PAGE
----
“The growth has surpassed anything we have planned.”
That was Loudoun County School Board member Jeff Morse’s assessment when he saw the final enrollment count for the current school year during last night’s meeting.
Countywide, 82,485 students have enrolled in Loudoun’s public schools. That’s 1,250 more students than last year. Surprisingly, it is the smallest incremental growth Loudoun’s school system has seen in recent years by far. But much of the county’s population growth has been concentrated in the southern end of the county. Planners expected high enrollment numbers there, but they underestimated just how high.
The brand new Goshen Post Elementary School off Braddock Road opened with 1,140 students. That’s 227 more students than expected, and 180 students more than the building was designed to hold.
Five miles north, the one-year-old Madison’s Trust Elementary has enrolled 1,225 students this year. That’s 87 more than projected and 219 more than the building’s capacity.
“In the elementary schools, we significantly underestimated enrollment,” Morse told planners when they delivered the news. “We’re going to have to look at options for those areas because those schools cannot contain any more children.”
Concerns about overcrowded schools hit close to home for Morse. The Dulles District, which he represents, has seen students move in faster than schools can be built. Morse said the only option he can see at this point, aside from redrawing attendance boundaries, is expanding existing buildings.
“Short of having any boundary changes, that’s the only lever I see that we have left,” he said.
In response, Assistant Superintendent of Support Services Kevin Lewis said he wasn’t prepared at this point to give details of his staff’s plans to provide more classroom space in the south. But, he noted, the School Board did save space in its Capital Improvement Program for six three-classroom additions. The CIP serves as a six-year planning document for the school system’s capital projects.
Lewis said he and Superintendent Eric Williams would present their recommendations for which campuses should get those additions when they present the full CIP for fiscal years 2020-2025 at the Oct. 23 meeting.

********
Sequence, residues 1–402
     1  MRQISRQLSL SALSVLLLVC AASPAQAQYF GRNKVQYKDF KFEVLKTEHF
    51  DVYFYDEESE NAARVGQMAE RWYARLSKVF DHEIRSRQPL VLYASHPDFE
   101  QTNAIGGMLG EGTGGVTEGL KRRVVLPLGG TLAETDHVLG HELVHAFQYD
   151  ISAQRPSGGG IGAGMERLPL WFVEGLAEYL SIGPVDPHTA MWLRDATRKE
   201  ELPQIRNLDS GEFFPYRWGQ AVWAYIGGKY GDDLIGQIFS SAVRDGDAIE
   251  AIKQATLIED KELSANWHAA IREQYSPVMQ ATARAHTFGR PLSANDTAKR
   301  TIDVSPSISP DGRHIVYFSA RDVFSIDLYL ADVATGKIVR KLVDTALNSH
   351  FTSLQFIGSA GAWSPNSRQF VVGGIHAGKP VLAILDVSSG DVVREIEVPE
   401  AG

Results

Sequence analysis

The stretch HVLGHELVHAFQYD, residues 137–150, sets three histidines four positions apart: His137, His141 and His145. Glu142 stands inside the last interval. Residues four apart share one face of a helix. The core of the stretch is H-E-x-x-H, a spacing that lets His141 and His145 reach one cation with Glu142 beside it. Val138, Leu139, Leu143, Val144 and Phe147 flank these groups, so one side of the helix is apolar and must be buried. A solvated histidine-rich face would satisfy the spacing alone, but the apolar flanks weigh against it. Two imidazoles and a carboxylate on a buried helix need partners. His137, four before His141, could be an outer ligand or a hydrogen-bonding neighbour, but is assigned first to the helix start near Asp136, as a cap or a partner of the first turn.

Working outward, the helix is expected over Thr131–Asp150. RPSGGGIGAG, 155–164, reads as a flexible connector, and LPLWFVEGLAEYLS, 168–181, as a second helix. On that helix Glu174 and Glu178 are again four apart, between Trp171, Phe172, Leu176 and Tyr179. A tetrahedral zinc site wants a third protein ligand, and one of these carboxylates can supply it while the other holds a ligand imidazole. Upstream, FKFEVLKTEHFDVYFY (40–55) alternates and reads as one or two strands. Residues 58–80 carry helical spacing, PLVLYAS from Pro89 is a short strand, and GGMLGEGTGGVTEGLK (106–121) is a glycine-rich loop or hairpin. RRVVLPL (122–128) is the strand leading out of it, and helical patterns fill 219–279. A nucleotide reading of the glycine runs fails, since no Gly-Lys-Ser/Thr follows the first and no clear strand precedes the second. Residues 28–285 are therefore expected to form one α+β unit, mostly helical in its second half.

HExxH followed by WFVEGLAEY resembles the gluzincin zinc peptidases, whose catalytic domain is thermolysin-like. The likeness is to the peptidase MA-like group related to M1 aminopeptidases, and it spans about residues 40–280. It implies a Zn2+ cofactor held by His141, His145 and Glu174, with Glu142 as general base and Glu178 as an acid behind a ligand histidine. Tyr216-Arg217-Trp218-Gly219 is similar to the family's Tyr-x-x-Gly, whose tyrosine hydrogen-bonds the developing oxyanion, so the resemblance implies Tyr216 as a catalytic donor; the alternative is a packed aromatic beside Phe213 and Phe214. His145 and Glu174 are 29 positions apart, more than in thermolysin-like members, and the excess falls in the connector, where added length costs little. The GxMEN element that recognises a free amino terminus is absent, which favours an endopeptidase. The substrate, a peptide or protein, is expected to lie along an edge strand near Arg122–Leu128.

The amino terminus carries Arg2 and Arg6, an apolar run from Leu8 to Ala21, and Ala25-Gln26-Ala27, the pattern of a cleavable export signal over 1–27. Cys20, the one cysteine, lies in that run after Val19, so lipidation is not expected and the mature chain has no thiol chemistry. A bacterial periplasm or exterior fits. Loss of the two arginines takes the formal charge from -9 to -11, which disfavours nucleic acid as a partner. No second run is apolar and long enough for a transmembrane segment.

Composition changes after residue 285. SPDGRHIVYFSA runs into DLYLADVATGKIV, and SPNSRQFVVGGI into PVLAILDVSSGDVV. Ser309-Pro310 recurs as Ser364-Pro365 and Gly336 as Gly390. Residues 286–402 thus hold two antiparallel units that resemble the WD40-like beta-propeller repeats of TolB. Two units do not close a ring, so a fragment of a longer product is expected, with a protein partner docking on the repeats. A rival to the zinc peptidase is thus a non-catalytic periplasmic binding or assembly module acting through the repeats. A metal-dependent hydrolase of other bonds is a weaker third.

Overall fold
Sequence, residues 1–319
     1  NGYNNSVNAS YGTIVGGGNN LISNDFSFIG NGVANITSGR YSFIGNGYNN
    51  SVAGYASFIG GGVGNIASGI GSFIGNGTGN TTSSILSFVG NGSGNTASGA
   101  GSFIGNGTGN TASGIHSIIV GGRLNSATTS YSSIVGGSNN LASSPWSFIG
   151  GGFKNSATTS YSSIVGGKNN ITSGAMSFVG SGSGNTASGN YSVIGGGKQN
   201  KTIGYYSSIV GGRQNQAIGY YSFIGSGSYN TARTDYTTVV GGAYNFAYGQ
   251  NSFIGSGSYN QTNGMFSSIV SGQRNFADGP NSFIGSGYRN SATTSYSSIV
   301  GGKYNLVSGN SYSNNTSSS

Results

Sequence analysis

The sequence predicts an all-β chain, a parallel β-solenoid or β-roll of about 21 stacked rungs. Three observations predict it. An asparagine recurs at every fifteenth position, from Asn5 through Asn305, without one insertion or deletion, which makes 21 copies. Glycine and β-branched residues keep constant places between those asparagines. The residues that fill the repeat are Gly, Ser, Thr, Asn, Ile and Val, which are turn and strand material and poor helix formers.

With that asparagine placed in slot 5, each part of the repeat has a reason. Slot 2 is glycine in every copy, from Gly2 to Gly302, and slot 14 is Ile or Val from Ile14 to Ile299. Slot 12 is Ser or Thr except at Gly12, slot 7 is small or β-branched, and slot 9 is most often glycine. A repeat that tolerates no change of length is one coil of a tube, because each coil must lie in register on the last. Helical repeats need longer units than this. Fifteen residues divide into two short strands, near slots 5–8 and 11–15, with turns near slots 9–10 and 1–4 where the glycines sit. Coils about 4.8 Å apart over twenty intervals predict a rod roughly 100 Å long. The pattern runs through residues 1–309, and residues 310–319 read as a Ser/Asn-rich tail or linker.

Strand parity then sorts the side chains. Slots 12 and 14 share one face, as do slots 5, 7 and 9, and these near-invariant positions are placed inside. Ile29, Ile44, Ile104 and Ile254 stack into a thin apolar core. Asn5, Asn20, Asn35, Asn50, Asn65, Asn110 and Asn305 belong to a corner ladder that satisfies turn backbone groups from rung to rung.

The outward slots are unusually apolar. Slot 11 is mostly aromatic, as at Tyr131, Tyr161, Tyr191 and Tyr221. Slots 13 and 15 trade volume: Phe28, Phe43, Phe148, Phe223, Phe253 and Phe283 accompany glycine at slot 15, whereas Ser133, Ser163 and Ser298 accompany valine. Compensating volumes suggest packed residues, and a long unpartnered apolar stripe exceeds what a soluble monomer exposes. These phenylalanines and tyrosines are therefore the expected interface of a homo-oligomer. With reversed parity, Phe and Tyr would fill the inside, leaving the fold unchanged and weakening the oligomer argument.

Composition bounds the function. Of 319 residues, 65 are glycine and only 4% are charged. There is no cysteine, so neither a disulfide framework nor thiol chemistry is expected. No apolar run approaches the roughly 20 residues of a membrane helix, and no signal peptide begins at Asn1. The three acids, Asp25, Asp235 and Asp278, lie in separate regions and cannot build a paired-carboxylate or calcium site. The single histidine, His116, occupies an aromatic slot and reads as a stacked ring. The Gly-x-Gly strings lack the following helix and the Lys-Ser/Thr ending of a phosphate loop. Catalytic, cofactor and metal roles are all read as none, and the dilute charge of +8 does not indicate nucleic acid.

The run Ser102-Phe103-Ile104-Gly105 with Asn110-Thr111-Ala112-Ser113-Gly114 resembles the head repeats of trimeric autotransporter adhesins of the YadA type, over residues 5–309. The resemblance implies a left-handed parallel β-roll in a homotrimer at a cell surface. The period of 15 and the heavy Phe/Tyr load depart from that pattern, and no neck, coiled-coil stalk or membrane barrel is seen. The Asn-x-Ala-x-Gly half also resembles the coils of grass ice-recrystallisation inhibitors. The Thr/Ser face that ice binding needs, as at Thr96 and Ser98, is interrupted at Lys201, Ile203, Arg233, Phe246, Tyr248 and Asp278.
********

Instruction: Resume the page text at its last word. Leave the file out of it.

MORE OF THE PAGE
Planners’ enrollment estimates were closer for the middle and high schools, where the rate of growth slowed slightly. Secondary schools that have been stretched in recent years actually will get some relief this year, in part because of the opening of Willard Intermediate School.
Stone Hill Middle School counted 1,017 students, 123 below the projections and 361 below the building’s capacity. Rock Ridge High School counted 2,225 students, 63 less than expected and 177 below capacity. John Champe High School has enrolled 1,656 students—78 fewer students than expected with room for 548 more in the building.
With the latest numbers in hand, planners also presented their best guess for enrollment for the 2019-2020 school year, a number Williams will use to help craft his operating budget for next year. They expect 1,277 more students next year to bring the countywide enrollment to 83,762.
Although the population boom has hit one part of the county particularly hard, overall the rate of growth is slowing throughout the county. The growth in the past year is the smallest jump the county has seen in several years. The division grew by 2,603 students from fall 2013 to 2014 (73,461); by 2,802 from fall 2014 to 2015 (76,263); by 2,738 from fall 2015 to 2016 (79,001); and by 2,555 from fall 2016 to 2017.